We have to always remember that our planet, a small blue spinning marble is tied together in an immense system of interconnectedness. Every action elicits a reaction in our tiny-big world.

Violence won’t ever end violence, hurting someone won’t ever bring and end to pain, acting unethically won’t ever bring about a free world.

Do something every day to make the world a better place.

– JB





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Own the failure

I have attended the funerals of murdered students, and have watched the young dragged away in handcuffs. I’ve mourned with families of children who have killed themselves and have found kids being bought and sold like slabs of meat.

I fail constantly.

All too often we are quick to share our successes and just as rapidly discount our failures.

Like I said, I fail constantly.

Our failures make us who we are, they shape us and they teach us, and we can’t remove ourselves from them or forget them. We learn more from our failures than we do from our successes. Screwing up hurts, and is devastating, and it’s unavoidable.

So we face a choice do we forget and remove ourselves from our mistakes or do we own the hell out of them, learn, and try to never repeat? It’s a rough question and an even rougher answer.

To own your mistakes, you’ve got to confront who you really are. Let’s clear this up right now; you are not your possessions, you are not your income, you are not your employment position, you are not your facebook profile, you are not the face you put on in front of others. You are a living, breathing, soulful, conscious bag of meat. You are the culmination of a near infinite number of variables interacting with each other throughout time, you are made of the same bits and pieces that make up stars and planets and if you are so inclined, you are an afterthought of a supreme creator. You are you. Deep down inside of you is who you really are, removed of the makeup, and the distractions, the music and the economy and inside of you, is a small, quiet, nearly unrecognizable person quietly milling around and waiting to come out.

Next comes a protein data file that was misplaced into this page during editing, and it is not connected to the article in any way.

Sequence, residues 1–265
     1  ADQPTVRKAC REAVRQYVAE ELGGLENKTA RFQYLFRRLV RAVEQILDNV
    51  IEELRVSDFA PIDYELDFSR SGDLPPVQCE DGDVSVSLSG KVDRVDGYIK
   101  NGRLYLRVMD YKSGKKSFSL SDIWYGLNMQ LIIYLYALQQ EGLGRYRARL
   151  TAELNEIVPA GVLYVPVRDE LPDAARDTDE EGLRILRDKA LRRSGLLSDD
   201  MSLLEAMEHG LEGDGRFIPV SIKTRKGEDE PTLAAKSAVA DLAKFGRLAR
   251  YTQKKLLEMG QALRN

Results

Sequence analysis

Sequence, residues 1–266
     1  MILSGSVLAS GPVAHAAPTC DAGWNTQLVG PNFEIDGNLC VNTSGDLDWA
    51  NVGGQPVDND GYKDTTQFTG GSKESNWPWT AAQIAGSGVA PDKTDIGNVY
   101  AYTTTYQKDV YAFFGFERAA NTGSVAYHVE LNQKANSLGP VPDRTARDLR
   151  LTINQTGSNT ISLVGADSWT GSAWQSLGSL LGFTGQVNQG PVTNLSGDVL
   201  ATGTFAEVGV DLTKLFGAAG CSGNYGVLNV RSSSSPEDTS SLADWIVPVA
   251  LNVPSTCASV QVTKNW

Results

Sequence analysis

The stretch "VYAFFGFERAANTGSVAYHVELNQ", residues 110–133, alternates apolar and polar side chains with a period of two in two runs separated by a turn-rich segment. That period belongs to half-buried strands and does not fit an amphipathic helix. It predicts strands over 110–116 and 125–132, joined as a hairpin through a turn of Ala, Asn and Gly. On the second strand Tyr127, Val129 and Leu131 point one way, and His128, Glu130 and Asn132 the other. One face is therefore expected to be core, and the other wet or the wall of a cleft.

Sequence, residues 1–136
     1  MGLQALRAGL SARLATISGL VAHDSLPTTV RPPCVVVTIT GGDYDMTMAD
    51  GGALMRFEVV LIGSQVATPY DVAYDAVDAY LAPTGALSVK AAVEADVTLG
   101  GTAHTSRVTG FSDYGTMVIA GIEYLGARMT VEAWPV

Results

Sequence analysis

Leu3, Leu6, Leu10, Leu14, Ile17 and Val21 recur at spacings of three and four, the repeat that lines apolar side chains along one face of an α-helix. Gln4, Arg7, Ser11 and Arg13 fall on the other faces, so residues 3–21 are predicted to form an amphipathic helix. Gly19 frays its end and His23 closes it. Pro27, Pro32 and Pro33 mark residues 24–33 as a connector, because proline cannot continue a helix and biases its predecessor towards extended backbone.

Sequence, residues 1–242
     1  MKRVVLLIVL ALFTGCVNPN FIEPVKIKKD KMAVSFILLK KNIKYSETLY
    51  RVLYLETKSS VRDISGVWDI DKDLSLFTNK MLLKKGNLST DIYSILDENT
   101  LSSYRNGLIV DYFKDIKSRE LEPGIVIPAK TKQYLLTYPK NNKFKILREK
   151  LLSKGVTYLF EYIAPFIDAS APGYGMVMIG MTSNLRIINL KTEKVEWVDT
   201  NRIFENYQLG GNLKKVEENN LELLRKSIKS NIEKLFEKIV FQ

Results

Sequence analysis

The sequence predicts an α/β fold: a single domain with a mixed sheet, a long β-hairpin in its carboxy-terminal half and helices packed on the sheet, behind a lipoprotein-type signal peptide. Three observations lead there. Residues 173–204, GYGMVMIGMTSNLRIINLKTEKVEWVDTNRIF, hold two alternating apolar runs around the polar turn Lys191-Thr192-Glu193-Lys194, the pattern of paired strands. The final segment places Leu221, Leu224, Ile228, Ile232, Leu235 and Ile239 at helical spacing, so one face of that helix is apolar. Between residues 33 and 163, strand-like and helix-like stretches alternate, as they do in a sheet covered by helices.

So why am I writing about this? Failure after all isn’t something we like to talk about. We prefer to talk about successes, happiness, and brag about our accomplishments.

IMG_0040Failure is an extremely important part of the learning process.

Right now we as a people are failing our brothers and sisters. We say we care about the well being of others as we walk by the homeless veteran on the street. We say we care about human rights as we purchase products that support oppressive regimes. We say we care, but we fail when it comes to caring. We are failing. Now here is where most people will begin to cop an attitude “I’m not failing, I don’t hurt anyone”… Wrong. Our very existence and Western way of life is built upon a model of oppression, we depend on it, we profit from it and we can’t even see its effects any longer. Even if we think we aren’t doing harm, we are.

Thinking we’re not doing harm, and not doing harm are two totally different things.